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CDCR Withdraws Halloween Sign Requirement Statewide

The California Department of Corrections and Rehabilitation (CDCR) today announced in federal district court its decision to withdraw a statewide requirement that sex offender parolees post a sign on the front door of their residences on Halloween. Immediately following that announcement, CA RSOL withdrew its request for a Temporary Restraining Order (TRO).

“This is a significant victory for more than 10,000 registered citizens and their families,” stated CA RSOL president Janice Bellucci. “They are no longer faced with the risk of significant injury.”

CA RSOL and plaintiff John Doe were represented in court by three attorneys — Janice Bellucci, Chance Oberstein and Alex Landon — who are also members of the CA RSOL board of directors. CDCR was represented by an attorney from the Office of the Attorney General as well as a representative of CDCR.

The plaintiffs in the case alleged that CDCR’s sign requirement violated the First Amendment to the U.S.

Constitution because it was speech compelled by a government agency. CDCR levied the Halloween sign requirement for the past seven years, even requiring homeless registered citizens to post signs on their sleeping bags, tents and vehicles.

“We are grateful to plaintiff John Doe who showed up, stood up and spoke up,” stated Oberstein. “Without him, we could not have filed this lawsuit.”



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Small victories lead to bigger victories leads to an avalanche of change. Thank you, again and again, Janice and Team.

Awesome!! Another victory for Janice, CARSOL, and for the safety of registered citizens!!! Woohoo!! Janice, you rock!

Thank you Janice and co. for another win. All or any of these violations of civil rights are significant as they erode the American spirit, which is the absolute point of why they are battles that must be taken on.

What is key to this case is that arbitrary punishment, especially through the use of such hateful and shaming based mandates, represent distortions carried out to the fullest extent. When they are done willfully by government employees clearly suggests that these people are unfit to serve in those capacities.

Enter Carson and the whole of the inland empire and shame on them for using government to further their constitutionally deprived approaches to “manage” problems that – for the most part – are contrived to further their own agendas.

The hate they display for families and children of registrants is never acknowledged but it is a significant part of the equation and on full display for anyone of conscience.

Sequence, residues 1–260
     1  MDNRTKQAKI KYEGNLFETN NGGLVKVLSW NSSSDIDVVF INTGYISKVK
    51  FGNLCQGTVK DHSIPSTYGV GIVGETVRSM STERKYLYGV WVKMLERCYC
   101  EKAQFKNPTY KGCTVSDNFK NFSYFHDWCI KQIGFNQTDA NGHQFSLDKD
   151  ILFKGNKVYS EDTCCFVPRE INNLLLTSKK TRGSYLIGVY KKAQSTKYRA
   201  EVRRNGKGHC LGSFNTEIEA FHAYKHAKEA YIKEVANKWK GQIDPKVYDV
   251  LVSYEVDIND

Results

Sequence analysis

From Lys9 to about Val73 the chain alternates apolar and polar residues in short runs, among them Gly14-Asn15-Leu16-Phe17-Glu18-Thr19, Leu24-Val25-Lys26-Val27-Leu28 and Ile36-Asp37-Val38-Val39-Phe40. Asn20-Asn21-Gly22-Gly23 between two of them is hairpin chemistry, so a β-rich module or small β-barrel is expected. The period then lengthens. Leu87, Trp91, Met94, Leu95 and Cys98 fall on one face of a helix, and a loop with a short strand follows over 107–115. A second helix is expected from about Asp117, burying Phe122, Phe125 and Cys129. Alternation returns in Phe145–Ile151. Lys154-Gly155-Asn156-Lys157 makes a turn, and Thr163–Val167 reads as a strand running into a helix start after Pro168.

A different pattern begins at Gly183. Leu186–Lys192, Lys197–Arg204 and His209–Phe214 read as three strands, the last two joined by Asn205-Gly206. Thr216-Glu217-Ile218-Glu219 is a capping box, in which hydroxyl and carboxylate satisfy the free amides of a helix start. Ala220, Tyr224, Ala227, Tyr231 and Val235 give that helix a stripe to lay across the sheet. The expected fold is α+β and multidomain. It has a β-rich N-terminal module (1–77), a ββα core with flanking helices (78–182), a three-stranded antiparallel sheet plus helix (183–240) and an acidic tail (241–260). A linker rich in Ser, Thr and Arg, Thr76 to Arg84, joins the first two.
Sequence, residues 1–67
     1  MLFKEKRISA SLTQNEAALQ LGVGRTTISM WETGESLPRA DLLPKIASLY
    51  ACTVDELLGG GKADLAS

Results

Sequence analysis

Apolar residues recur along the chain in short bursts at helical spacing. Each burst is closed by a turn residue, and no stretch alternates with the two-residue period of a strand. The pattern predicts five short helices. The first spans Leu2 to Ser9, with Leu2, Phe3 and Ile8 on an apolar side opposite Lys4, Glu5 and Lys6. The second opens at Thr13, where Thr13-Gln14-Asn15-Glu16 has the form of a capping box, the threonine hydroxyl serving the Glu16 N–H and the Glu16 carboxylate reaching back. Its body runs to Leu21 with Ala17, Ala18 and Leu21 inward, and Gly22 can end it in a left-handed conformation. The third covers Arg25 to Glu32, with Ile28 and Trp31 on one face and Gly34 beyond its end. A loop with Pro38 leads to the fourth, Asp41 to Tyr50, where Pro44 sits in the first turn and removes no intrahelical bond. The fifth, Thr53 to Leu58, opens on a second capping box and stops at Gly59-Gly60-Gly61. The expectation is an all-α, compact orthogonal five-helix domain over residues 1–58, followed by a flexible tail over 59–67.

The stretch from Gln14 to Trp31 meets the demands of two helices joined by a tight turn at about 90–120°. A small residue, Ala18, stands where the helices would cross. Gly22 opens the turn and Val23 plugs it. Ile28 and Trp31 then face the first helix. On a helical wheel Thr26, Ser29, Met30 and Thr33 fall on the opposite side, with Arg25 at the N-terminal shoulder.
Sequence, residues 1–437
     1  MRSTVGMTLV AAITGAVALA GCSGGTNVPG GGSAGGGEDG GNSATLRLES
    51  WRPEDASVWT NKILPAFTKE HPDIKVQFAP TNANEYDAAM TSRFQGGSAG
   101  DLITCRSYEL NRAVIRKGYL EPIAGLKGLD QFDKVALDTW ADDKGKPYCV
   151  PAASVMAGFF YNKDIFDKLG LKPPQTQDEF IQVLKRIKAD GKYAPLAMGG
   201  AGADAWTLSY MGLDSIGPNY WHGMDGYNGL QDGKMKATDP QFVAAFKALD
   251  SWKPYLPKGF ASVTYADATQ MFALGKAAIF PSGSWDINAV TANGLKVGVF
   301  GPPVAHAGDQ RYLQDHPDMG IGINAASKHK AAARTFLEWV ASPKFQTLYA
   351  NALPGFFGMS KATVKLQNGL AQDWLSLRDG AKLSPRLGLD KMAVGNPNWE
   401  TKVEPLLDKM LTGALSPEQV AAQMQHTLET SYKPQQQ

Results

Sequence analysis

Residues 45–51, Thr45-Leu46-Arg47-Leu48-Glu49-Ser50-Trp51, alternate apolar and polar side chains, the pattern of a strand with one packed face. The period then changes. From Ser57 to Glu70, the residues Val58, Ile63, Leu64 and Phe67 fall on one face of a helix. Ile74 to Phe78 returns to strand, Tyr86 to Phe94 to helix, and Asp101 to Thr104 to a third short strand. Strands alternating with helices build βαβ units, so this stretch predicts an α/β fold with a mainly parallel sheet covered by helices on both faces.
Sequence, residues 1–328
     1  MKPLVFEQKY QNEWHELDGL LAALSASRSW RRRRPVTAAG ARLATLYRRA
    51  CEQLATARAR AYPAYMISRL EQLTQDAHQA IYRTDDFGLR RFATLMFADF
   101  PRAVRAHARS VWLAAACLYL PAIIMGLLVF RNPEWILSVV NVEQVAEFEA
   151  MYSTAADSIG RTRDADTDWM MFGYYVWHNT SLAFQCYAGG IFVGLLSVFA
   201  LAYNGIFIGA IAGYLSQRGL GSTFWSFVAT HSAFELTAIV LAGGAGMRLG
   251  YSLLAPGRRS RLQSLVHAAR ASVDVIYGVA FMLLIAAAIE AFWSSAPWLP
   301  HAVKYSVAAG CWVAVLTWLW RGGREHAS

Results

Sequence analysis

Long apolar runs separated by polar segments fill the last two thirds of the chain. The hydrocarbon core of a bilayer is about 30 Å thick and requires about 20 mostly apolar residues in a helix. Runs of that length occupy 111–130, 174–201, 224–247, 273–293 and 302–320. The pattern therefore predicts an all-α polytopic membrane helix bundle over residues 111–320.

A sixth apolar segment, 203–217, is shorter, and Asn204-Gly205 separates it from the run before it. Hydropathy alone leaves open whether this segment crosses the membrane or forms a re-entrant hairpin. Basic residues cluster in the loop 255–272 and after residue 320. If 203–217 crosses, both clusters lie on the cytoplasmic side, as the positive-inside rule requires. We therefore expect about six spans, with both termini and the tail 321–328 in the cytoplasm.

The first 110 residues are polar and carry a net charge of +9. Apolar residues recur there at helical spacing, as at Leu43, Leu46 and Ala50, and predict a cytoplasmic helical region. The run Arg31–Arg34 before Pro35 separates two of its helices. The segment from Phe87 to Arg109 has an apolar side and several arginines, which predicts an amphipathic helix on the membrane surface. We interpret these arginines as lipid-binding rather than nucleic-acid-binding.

Hi J

I shake my head in wonder every time I hear a new depth ignorant malice has been reached. When I first saw this thread the first thing to come to mind was the CDCRs statistics. Being the CDCR there is no excuse for them to have tried to do this to people. They aren’t about any kind of rehabilitation; it’s more like their credo is continual ex post facto retribution. These laws have to be done away with. The way things are (laws) anyone can take a cheap shot at any victim of the registry and get away with it. It’s like the punishment never ends and a case like this sign BS crosses the line into actual persecution reminiscent of what the Nazi’s did to people. My thesaurus likens persecution to McCarthyism, which is actually extremely close, if not parallel, to what the state and citizenry have been doing to us for decades.

The CDCR sets the tone for bullying and harassment of registrants which happens to be illegal and also helps set the stage for citizen vigilantism and retributions. This makes their credibility questionable.

As you pointed out, they produced the statistics about recidivism which turn out to invalidate many of the top heavy approaches, yet do not follow the implications of those statistics, and continue to punish and shame the registrants, in every way imaginable, while they are on parole.

As I mentioned in earlier threads, they need to start by going back to CDC by removing “R” from the Acronym, since there is no actual rehabilitation going on for the most part.

It really makes it look like the CDC is run by chance of who happens to be in control and to what polarized extent they take rhetoric, turn it into policy, run with it, and victimize registrants at the same time.